Seborrheic Eczema Treatment

Written by nolan foster
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Seborrheic Eczema Treatment

Seborrheic eczema, or seborrheic dermatitis, is a skin condition that causes unsightly flaking, itching, scaling, and redness, especially on the scalp, face and neck. The exact causes of seborrheic eczema are unknown, but genetic, hormonal and environmental factors likely play a role in its development. As a result, the condition itself is nearly impossible to cure permanently, so symptoms can reoccur over periods of months or years. However, many treatment options are available to help minimise and manage its symptoms.


There are numerous popular dermatologist-recommended shampoos for treating seborrheic eczema available over the counter, many containing antifungal and antibacterial agents like zinc pyrithione, selenium sulphide or ciclopirox olamine, keratolytics like salicylic acid or preparations of coal tar. Most of these medications are also available in stronger, prescription-strength dosages for patients with especially stubborn or severe outbreaks. Additional prescription-strength medicines like corticosteroid foams may be used in conjunction with one or more of these shampoos to further suppress scaling, flaking and irritation on the scalp.

Face & Neck

Seborrheic eczema outbreaks on the face and neck can be especially difficult to treat because many prescription drugs are too strong for use on such sensitive areas. One of the most effective and commonly recommended over the counter treatments for seborrheic eczema outbreaks on the face and neck is hydrocortisone cream, a corticosteroid that helps reduce redness, itching and puffiness. In severe cases, your doctor may prescribe stronger steroids or a mixture of other medications such as immunomodulators like tacrolimus ointment and pimecrolimus cream and moisturising lotions or soaps.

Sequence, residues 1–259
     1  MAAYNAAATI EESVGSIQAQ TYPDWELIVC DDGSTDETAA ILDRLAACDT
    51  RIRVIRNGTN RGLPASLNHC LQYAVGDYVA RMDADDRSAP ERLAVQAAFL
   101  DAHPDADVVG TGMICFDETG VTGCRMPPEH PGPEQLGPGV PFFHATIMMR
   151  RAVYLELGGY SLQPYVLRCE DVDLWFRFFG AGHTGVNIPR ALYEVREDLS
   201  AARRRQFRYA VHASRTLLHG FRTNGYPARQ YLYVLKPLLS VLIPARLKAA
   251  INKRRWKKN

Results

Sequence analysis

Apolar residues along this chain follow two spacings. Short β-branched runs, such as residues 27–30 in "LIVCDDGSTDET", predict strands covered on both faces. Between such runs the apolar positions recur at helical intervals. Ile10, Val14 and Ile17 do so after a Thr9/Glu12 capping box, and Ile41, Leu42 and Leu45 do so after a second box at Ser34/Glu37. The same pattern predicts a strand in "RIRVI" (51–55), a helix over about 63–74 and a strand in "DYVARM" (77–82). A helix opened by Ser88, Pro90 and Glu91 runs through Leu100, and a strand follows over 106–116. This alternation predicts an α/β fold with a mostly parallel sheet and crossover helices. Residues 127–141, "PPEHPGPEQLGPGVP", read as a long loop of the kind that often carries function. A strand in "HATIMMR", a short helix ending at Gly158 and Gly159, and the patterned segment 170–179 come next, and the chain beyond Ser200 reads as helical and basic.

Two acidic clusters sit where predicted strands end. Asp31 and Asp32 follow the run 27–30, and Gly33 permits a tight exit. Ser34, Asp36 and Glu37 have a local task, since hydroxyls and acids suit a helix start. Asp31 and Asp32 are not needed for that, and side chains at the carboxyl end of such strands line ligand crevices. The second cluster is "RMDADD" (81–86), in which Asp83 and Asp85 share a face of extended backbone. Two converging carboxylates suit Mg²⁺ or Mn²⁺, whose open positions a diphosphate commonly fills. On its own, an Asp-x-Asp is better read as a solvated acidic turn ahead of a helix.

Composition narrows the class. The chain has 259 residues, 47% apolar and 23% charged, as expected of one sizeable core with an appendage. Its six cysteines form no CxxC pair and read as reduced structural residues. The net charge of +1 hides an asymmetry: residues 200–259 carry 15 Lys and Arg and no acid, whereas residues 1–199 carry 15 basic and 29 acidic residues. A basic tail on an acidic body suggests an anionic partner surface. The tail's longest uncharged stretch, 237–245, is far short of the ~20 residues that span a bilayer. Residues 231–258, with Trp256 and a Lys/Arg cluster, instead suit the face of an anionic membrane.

Nutritional Supplements

Natural remedies are also becoming more popular among both doctors and patients. According to the Encyclopedia of Natural Medicine, zinc, vitamin B, flaxseed oil and biotin have all been shown to have positive effects in treating seborrheic eczema patients, and researchers at the New Jersey Medical School University of Medicine and Dentistry include daily use of tea tree oil shampoo on their list of effective treatments.


While topical corticosteroids can be highly effective, frequent and continual use of them can cause damaging and lasting side effects, including cutaneous atrophy and telangiectasia. The effectiveness of topical steroids is also known to decrease over time, so prolonged use may lead to a noticeable decrease in their positive effects unless discontinued for several months before resuming treatment.


Aside from medications and supplements, there are several other commonly recommended methods for helping to reduce the frequency and severity of seborrheic eczema symptoms. These include gentle, non-comedogenic and fragrance-free moisturising cleansers and air humidifiers. Stress, anxiety and lack of sleep can trigger or dramatically worsen symptoms, making healthy amounts of rest and relaxation essential for patients with a history of the condition.

While seborrhoic eczema is not dangerous or life threatening, it can be very damaging to a person's self-image and quality of life, and treatment can be slow and frustrating because of how little is known about the condition. With patience, open-mindedness and regular visits to the dermatologist, however, seborrheic eczema is completely manageable, and patients suffering from it are fully capable of living normal and healthy lives.

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